Film & TV
Lesson time 17:04 min
If you want to master storytelling, don't just watch movies. Werner explains why reading is key to becoming a great filmmaker and shares passages from his mandatory reading list.
Topics include: Mandatory reading for filmmakers • Virgil • Icelandic poetry • Becoming your subject
Read, read, read, read, read, read, read, read, read, read. You have to read because you develop a sense of storytelling. You develop a sense of flow of something. You develop a story, just even if it's completely remote from what you have read, all of a sudden, something sprouts out of it. Just very recently, I'll give you an example, I read about Winston Churchill in his early days when he's 19 or whatever. He was in Parliament and from the other side of the aisle, a woman-- I think the first female Member of Parliament, she had a very screechy unpleasant voice-- shouts across the aisle, Mr. Churchill, if you were my husband, I would put poison in your coffee in the morning. And he, without missing a beat, shouts back, Madam, if you were my wife, I would drink it. You see, it's so beautiful and it will linger. Maybe it will pop up as something similar as a dialogue. Maybe it will pop up as a sequence somewhere. And this is something completely overlooked. I see film students at very prestigious film schools and nobody of them is reading. They just don't read. And they will all be filmmakers, mediocre at very best. They will never make a great film. And you can tell some of the truly good, great filmmakers are people who read. Errol Morris, for example, he reads voraciously. Terrence Malick, he reads, reads, reads. Francis Ford Coppola, he has his own library. Recently, I've been in closer contact with Joshua Oppenheimer, who made The Act of Killing, one of the most important films that you've seen in the last 25 years. He reads, reads, reads. So it's my encouragement to everyone, just read. [MUSIC PLAYING] I was intrigued by Edda poetry, 1,000 year old Icelandic poetry and it's just unspeakably beautiful. There's a very, very beautiful translation of it by Lee Hollander. And when I was in Iceland, it was all snow and snow and my hosts said, ah, we can take you anywhere in Iceland. We have four wheel drives and I looked around. It looked boring and I said, no, I should do that in summer, going around. What else would you like to see? And I said, I would like to hold the Codex Regius, a crumpled little codex, a parchment, handwritten codex in my hand. And I actually had the privilege to be brought down into an atomic bomb safe, a bunker, under the central bank and I was shown it and I held it. And recently, I held it again. I even filmed it. And it was such an incredible experience. It's like the Dead Sea Scrolls for Israel. You hold it in your hand, you emerge, and the barber gives you a free haircut and the pastry baker gives you his best pastry and you have to taste it. It's that kind of thing and a physical approach to it. This awe to hold it in your hands, it's priceless. Some of it probably pre-dating the writing down, maybe something even 500, 600, 700 years earlier. And it begins with the ...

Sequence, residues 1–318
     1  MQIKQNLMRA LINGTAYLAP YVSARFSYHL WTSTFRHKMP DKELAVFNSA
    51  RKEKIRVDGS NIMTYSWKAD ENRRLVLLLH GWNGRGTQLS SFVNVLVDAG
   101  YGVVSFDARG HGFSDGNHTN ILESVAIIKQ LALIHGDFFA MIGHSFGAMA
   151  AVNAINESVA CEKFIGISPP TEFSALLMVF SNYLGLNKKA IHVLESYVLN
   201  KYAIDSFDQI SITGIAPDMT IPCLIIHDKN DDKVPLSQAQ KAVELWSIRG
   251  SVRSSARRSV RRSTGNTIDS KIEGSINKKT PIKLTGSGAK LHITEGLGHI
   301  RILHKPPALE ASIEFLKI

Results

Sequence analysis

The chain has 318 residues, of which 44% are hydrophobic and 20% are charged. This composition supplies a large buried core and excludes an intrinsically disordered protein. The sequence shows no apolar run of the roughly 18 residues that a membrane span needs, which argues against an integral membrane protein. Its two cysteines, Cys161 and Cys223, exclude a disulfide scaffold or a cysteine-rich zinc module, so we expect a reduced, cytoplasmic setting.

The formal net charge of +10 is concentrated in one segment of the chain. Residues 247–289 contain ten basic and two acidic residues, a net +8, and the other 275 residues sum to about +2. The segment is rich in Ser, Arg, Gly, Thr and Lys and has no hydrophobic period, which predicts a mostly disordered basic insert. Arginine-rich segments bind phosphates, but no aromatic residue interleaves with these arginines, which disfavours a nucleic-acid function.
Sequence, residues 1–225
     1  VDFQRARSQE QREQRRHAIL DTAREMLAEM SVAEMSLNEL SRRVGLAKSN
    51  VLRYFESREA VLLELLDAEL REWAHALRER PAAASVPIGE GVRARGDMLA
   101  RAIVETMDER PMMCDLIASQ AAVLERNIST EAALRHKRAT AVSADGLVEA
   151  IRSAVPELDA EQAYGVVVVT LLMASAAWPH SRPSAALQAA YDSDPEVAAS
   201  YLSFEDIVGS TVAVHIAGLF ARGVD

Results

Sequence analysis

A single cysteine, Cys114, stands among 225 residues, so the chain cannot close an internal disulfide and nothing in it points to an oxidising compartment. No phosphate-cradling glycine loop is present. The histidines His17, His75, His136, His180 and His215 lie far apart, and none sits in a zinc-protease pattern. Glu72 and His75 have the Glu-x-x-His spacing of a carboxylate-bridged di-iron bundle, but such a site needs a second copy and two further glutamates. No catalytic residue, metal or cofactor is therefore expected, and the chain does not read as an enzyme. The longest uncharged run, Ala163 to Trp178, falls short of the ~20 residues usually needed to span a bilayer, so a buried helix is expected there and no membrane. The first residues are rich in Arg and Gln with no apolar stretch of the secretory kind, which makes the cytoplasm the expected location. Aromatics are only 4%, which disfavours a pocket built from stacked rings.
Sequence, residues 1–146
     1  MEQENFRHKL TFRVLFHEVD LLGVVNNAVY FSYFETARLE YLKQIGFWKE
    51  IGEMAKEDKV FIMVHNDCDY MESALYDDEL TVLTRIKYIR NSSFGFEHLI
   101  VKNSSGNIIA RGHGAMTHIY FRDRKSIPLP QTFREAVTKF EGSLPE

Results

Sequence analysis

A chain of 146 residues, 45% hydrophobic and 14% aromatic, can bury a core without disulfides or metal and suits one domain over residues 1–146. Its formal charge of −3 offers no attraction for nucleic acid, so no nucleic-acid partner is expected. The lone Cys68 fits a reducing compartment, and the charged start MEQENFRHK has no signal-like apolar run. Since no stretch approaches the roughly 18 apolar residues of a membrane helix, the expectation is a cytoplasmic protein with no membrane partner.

When the legendary director Werner Herzog was 19, he stole a camera and made his first movie. 70 films and 50 awards later, Werner is teaching documentary and feature filmmaking. In this film class, you’ll learn storytelling, cinematography, location scouting, self-financing, documentary interview techniques, and how to bring your ideas to life. By the end, you’ll make uncompromising movies.
Great second class, He's so approachable and humble. I have watched older films before but now I am really excited to dive in deeper.
Herzog is an icon. He gives key insights into transforming from a mediocre filmmaker. My favorite of his promotions is to read. You don't need school.
Great thoughts and experience shared but with great common sence and deep knowledge about the art and craft
I feel privilege to have access to high quality poetic intensity , this is what we should be looking at in our artistic endeavours .